Now, that was better than what most other citizens of Wee had. They had to eat grass, as a cow eats grass, and Herman watched in pleasure. The citizens of Wee could not think of a good reason why Herman should not be their king, and also they didn't want to hurt his feelings, so they just ate the grass.

Bob knew his friends suffered, but could do nothing for them. This was probably a good thing, because if he had tried to help them, he would have been arrested again and sent up the pipe by the ants. Bob did not desire this. The last time someone had gone up the pipe, it had made him shudder.

That is why it is a good thing Bob did not attempt to help the citizens of Wee. Herman was secretly hoping Bob would try to help the citizens of Wee because he knew that Bob had a good heart, under all his conceit. Herman wanted Bob out of the way, because Herman became very evil indeed during his reign. He no longer thought of Bob as a brother, but as a rival. He would do anything to stop the Bob revolt. So Herman decided to do away with Bob once and for all. He ordered Bob to be sent to the Puddles of Despair. Now the Puddles of Despair were sad puddles far from Weeland. They were puddles of milk that were despairing to look at. This was where Bob was to be sent. Bob was helpless. The ants took him there and left. Bob was all alone. He sat down in a puddle. He noticed a wet feeling. He was soggy. He was soggy, so he started to cry. And that is where we meet him now in… Horror in Wee!

Bob wept uncontrollably, which is not an incredibly intelligent thing to do if you are a biscuit and you don't want to get any soggier than you already are. However, Bob was not an incredibly intelligent biscuit, so he continued to cry. He thought about his little friend, the paper-boy-pea, and how he was probably starving and weak. From there, Bob started thinking of how the paper-boy-pea used to deliver his paper, and then about the paper itself. From there, he started thinking about when he used to read the TV Guide, and then he thought about the latest TV Guide he had read in prison. Then he remembered that his favorite show, "Fiddledy Dee," was on right then, and right in the middle of the puddles of despair he laughed out loud.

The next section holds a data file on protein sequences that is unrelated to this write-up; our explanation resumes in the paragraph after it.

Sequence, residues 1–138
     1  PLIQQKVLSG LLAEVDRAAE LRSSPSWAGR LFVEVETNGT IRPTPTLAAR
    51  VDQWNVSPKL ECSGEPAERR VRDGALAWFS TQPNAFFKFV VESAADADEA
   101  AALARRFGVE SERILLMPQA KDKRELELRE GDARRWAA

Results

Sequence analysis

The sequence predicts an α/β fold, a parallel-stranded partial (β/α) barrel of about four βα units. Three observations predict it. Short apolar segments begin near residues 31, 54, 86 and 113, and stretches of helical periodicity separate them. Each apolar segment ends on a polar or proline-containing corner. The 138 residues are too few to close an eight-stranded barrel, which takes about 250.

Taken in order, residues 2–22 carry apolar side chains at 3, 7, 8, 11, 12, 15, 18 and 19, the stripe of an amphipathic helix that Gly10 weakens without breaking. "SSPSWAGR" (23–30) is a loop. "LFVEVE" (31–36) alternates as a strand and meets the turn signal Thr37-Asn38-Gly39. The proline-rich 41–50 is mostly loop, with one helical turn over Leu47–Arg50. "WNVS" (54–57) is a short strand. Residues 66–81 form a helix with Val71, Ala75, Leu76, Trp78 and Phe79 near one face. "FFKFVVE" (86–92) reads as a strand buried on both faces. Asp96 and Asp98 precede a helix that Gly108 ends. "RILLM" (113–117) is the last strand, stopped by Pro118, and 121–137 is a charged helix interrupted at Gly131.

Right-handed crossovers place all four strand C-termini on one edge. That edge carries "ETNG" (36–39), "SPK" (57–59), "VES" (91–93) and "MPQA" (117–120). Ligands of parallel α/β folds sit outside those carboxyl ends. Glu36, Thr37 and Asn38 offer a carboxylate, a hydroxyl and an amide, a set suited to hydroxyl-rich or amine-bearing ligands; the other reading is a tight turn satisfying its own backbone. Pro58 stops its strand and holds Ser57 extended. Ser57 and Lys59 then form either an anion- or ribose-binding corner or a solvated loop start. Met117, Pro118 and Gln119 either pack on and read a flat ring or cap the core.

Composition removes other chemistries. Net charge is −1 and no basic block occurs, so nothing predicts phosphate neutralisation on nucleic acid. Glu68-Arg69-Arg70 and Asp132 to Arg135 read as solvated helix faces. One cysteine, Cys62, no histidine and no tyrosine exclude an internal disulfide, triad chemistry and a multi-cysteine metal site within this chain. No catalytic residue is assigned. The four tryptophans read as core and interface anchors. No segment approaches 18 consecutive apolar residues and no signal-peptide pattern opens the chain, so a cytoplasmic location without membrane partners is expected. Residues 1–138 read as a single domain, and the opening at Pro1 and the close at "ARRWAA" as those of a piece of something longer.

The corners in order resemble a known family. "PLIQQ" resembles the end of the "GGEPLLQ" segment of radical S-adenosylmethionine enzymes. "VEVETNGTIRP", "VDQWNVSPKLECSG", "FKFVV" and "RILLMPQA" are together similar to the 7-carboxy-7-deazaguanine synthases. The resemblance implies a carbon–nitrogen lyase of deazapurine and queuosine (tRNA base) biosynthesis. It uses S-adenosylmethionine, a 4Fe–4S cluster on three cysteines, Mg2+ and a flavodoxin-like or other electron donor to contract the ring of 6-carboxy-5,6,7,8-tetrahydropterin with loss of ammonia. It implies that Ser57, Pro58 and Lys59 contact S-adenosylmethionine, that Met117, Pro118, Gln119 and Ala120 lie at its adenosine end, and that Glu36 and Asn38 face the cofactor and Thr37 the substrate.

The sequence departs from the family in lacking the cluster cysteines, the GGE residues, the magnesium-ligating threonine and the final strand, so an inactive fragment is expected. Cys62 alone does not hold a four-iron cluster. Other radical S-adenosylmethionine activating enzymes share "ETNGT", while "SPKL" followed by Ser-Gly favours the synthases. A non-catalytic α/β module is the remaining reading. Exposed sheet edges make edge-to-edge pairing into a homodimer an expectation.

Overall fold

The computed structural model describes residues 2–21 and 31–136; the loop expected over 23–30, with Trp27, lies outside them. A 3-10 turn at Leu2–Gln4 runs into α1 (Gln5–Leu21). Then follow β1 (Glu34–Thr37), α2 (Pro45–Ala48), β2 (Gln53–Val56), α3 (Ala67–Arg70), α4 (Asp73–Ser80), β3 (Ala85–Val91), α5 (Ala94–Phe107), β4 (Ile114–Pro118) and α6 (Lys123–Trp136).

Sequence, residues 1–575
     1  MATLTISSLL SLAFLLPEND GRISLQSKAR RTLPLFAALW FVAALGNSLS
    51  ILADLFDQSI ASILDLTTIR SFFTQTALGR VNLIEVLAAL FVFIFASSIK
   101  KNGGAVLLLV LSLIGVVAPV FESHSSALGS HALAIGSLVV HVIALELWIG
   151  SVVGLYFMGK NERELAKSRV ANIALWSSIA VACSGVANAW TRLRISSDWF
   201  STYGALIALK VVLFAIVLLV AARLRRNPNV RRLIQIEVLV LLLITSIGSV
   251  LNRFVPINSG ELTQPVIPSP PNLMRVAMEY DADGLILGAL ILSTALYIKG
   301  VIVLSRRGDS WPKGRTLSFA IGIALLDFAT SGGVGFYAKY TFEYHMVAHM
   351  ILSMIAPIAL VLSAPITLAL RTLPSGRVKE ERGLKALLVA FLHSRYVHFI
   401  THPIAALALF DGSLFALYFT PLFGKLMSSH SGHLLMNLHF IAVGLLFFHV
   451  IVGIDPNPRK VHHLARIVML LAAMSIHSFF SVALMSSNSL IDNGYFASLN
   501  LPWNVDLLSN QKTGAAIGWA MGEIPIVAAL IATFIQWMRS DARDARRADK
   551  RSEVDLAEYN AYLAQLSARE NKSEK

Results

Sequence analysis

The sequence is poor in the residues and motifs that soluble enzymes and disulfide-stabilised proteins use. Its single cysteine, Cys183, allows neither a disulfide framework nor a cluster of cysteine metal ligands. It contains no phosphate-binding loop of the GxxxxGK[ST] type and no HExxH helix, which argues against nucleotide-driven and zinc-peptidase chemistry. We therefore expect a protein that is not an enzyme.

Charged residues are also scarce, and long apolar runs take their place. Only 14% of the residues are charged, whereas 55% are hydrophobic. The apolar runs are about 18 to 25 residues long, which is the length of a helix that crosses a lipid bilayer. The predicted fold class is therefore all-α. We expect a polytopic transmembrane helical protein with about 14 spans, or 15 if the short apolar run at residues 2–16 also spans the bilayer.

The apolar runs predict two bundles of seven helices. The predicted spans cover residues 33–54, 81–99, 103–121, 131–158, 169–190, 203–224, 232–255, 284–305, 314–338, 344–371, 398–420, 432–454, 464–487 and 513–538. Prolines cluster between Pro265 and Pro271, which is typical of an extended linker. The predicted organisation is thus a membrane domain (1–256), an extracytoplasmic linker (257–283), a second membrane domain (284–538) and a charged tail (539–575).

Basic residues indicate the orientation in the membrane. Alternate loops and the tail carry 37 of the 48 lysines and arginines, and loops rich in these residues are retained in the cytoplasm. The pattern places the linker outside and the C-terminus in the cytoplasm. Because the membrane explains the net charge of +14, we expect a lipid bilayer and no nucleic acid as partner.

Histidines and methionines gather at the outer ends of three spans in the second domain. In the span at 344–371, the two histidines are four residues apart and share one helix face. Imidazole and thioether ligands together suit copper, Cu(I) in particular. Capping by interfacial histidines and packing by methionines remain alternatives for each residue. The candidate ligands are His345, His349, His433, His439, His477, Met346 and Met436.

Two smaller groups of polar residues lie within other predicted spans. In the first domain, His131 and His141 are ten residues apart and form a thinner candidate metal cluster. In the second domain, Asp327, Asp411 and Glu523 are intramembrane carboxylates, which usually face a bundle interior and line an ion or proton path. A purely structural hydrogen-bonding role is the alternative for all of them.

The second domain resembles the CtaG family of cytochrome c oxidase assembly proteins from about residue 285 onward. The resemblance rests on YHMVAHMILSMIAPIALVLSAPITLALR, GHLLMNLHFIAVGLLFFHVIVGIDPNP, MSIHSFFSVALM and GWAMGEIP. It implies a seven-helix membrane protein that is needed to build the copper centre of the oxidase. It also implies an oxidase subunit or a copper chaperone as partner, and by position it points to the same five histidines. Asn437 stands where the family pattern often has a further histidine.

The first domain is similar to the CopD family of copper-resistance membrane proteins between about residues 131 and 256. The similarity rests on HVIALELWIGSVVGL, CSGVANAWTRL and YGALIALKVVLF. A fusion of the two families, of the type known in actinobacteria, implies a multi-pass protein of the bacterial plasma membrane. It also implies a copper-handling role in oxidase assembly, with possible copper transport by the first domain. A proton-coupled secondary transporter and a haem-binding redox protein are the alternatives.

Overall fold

It was a sound not heard in the puddles of despair for many an age, and out of the gloom came an answering cry. Bob would have perked his ears up, had he had any. He called out, "Hello? Is there a friend out there?" Out of nowhere hopped a little, round, ball-like creature. It was completely green, and the only facial feature it possessed was a pair of all-black eyes. "Hello, little pea," said Bob.

"Skwitchee Witchee Dee!" said the little creature. "Meesa notta pea! Meesa Voopoo!"

"What is a 'Voo-Poo'?" asked Bob.

"Yoosa come wit mee!" chirped the Voopoo. Before Bob could protest, he was led away into the fog.

"This little 'Voo-Poo' is definitely not a food," muttered Bob to himself.

"O nosa! Meesa notta food."

"Then what in Wee are you?" asked Bob.

"No, notta Watin Wee. Watin Jiggy Fee!" This last statement puzzled Bob, partly because he didn't understand it. Well now, I guess it was completely because he didn't understand it, actually. He was curious about this little pea-thing, but more curious as to where he was taking him. All the hopping around was making Bob very soggy and soft. He couldn't go much farther.

"Are we nearly to wherever it is we're going?" he asked.

"Oh, nosa! We gossa long ways to be goin till we be to da Watin."

"And what, may I ask, is the Watin?" asked Bob inquisitively.

"You knows da Watin!" answered the Voopoo.

"I most certainly do not know this Watin." Replied Bob obstinately.

"Evee Voopoo knows da Watin! How you not know da Watin?"

"How can I know the Watin? I've never been here, I've never heard of a Voopoo, and I don't think you know where you're going."

"You jus waitinsee. Da Watin no give yoosa happy hi-hi! Me bets you not even knows him names!"

"Of course I don't know his name! I don't even know what he is!"

"Heesa be da Watin!"

"And what in Wee is the Watin?!"

"No, notta Watin Wee. Watin Jiggy Fee!"